On the short cobblestone street of Galavis, the Floresta Farmer’s Market takes place every Friday morning. From my hotel window, I can see the vendors setting up bright and early in the morning. I’ve heard they are around until mid-afternoon but I would recommend buying before the heat of the day. Refrigeration is not common here.

The Floresta Farmer’s Market

The Floresta Farmer’s Market is only one short block of about 10 vendors all selling fresh and local items. The vast majority are selling either fruits or vegetables. Vendors seems to specialize in one or the other. However, there was also a gentleman selling chickens, another selling fresh fish, cutting the steaks and filets as you ordered, and a large stand of fresh flowers. To my surprise, a couple of gentlemen walked the center aisle hawking freshly peeled cloves of garlic.

La Floresta Farmer's Market, La Floresta, Quito, Ecuador | ©Angela Drake

A Truly Ecuadorian Market

This last Friday was the first time I had been to a Quiteño market on my own and the wide variety of produce was overwhelming. There are a lot of different foods here. For example, Ecuadorian corn, or choclo, is nothing like the American variety; each ear is short and wide, each kernel fat and very starchy. Women in the stalls pop off the kernels by hand so you can buy corn either by the ear (mazorca) or by the kilo in kernels (granos).

Then there are the carrots, short and fat (and very, very tasty) and lemons that look more like small grapefruit. Feeling adventurous, I bought a potato-like vegetable that isn’t a potato at all and another called a white carrot (zanahoria blanca) that is shaped more like a sweet potato. Unlike a carrot or a sweet potato in flavor, its flesh cooked up dry, similar to a Japanese sweet potato. However, it’s flavor was more starchy, not unlike plantain or yucca.

Vendors at the La Floresta Farmer's Market, La Floresta, Quito, Ecuador | ©Angela Drake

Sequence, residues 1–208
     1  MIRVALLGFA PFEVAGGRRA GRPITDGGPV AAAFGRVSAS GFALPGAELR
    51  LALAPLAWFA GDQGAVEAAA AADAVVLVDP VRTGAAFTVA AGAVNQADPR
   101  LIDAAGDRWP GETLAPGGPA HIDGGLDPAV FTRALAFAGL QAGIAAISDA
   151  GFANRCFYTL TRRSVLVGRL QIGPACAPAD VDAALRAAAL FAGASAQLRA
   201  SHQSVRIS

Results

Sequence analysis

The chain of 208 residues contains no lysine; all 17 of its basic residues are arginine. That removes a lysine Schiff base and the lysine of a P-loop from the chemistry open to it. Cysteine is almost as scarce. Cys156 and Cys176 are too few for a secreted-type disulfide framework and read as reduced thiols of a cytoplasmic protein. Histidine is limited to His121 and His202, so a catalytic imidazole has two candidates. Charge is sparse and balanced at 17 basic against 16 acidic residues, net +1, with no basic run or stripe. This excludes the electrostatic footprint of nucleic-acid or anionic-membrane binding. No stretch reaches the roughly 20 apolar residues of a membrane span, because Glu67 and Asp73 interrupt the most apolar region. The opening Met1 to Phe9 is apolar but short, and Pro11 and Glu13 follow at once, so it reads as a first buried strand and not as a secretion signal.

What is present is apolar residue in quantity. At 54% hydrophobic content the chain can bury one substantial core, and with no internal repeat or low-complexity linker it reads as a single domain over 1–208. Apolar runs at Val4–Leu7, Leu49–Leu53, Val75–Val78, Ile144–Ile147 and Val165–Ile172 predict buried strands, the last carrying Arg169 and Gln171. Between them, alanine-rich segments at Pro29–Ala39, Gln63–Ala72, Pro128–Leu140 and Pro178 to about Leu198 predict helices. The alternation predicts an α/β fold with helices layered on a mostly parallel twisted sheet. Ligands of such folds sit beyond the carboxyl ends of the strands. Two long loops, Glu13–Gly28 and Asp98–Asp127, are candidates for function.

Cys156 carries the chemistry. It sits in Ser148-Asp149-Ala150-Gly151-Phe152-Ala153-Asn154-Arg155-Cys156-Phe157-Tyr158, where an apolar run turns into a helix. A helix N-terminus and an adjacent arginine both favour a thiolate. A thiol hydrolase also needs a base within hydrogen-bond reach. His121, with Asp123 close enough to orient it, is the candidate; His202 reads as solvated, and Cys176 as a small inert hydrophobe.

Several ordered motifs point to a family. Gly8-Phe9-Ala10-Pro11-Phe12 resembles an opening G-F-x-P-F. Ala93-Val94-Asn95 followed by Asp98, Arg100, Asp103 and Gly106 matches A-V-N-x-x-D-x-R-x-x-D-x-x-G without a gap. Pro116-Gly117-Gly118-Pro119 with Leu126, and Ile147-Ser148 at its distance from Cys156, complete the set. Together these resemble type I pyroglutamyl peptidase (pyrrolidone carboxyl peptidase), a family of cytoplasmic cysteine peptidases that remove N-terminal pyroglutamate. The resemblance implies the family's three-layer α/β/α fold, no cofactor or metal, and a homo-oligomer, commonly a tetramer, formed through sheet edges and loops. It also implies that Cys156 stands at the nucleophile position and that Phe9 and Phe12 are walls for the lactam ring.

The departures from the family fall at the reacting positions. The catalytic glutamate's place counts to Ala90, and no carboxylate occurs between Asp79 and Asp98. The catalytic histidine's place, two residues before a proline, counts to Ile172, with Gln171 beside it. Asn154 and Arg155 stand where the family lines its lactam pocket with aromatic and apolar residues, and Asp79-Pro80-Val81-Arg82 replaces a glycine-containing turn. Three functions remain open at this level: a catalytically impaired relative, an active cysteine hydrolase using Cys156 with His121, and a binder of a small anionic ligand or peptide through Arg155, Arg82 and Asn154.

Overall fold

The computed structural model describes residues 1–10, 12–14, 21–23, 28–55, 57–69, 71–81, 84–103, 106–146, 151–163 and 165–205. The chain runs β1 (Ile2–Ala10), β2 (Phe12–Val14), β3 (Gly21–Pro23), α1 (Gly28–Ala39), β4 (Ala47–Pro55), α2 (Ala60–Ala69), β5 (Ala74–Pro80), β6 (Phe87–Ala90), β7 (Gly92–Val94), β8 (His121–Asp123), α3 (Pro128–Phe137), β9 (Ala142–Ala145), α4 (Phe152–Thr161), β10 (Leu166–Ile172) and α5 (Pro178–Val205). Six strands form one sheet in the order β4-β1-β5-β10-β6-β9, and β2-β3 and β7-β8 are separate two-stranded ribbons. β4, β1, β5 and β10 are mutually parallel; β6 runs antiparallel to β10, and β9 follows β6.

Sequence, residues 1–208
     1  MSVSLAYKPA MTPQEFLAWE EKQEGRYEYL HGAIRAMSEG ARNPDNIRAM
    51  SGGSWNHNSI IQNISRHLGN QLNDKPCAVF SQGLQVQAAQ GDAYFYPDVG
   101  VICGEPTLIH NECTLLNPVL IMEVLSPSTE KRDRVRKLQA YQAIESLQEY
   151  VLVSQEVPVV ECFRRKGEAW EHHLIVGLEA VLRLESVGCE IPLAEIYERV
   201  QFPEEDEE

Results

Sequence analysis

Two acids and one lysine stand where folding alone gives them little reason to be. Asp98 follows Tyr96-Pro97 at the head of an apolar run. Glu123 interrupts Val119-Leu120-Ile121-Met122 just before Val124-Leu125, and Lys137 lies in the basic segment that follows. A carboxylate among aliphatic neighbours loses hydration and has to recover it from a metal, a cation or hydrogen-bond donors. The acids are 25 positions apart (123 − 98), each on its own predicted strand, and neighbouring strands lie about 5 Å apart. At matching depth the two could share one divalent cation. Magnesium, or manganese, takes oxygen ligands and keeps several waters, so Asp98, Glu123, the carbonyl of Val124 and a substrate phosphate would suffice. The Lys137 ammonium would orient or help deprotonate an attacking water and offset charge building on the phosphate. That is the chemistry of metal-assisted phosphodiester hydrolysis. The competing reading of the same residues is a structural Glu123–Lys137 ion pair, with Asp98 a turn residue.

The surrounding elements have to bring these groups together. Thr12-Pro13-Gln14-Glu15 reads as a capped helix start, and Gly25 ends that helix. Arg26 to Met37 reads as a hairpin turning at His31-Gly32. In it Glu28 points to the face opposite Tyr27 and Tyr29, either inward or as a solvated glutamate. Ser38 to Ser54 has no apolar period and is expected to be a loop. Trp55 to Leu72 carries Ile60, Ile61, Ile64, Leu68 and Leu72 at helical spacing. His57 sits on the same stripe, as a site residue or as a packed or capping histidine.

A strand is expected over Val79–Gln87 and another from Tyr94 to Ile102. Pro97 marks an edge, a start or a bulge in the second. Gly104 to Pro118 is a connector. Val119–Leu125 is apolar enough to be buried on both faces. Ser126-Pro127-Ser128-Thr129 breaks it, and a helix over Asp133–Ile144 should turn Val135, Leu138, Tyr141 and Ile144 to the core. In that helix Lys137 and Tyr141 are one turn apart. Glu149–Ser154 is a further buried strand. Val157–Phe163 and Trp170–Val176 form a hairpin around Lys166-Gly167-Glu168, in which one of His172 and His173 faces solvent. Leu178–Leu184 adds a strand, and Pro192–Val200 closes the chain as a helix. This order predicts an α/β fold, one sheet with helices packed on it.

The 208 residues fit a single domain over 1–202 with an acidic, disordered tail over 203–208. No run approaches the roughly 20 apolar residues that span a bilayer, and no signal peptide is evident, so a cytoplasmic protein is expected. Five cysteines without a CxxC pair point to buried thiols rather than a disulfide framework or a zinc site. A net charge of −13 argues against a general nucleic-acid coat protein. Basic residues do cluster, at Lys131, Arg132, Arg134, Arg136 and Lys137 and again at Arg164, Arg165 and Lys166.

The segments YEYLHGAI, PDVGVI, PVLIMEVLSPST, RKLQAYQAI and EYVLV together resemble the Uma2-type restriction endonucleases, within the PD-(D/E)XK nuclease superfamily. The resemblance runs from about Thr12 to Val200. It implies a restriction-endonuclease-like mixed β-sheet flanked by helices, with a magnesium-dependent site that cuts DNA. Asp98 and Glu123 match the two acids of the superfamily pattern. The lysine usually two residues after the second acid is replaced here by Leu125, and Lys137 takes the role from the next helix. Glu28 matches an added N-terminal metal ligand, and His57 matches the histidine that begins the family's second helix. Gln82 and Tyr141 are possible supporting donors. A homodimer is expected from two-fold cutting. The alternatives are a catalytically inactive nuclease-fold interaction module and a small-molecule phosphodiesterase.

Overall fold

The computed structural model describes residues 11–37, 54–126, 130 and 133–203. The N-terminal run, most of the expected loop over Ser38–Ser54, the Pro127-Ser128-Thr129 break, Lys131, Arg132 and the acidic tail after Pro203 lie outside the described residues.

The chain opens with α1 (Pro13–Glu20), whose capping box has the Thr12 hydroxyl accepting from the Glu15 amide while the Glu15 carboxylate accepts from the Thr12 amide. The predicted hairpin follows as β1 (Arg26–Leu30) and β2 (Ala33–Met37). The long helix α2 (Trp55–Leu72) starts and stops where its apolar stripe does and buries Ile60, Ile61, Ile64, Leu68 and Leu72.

Vendor Shucking Corn, La Floresta, Quito, Ecuador | ©Angela Drake

Vegetables Even Not Your Average American Can Recognize

I also bought some things we would all recognize – local fresh cheese to serve with the choclo, green beans, bell peppers in red, yellow, and green, as well as Brussel sprouts, all very recognizable foods. And at almost every stand I asked how to cook something. I learned that Brussel sprouts are served cooked but at room temperature, sliced and dressed in olive oil and lemon juice, like a salad. Zanahorias blancas are most often pureed like mashed potatoes.

In the weeks that come, I’ll make sure to write about the different types of food, including local names, and tell you how they’re used. But for now, I feel pretty good that I managed to walk away with a decent haul of fresh vegetables for our dinners this week!

While vendors may have changed, the Floresta Farmer’s Market is still a going concern as of the date of re-publication.

This article was originally written on August 27, 2013. It has since been updated for formatting and to fix grammatical errors. 

Friday Market in La Floresta

Information For Your Trip

The Floresta Farmer’s Market is open on Fridays from 8 am until 4 pm but earlier is better than later. Take small bills and coins to make purchases.

  • Direction by Car, use WAZE and look for Galavis, Quito, Pichincha, Ecuador. The market will be on the cross of Galavis and Isabela Catolica.
  • Direction by Public Transportation for buses around Quito, use the Google Map link and click on get directions. Use the public transportation option to find the best from your current location.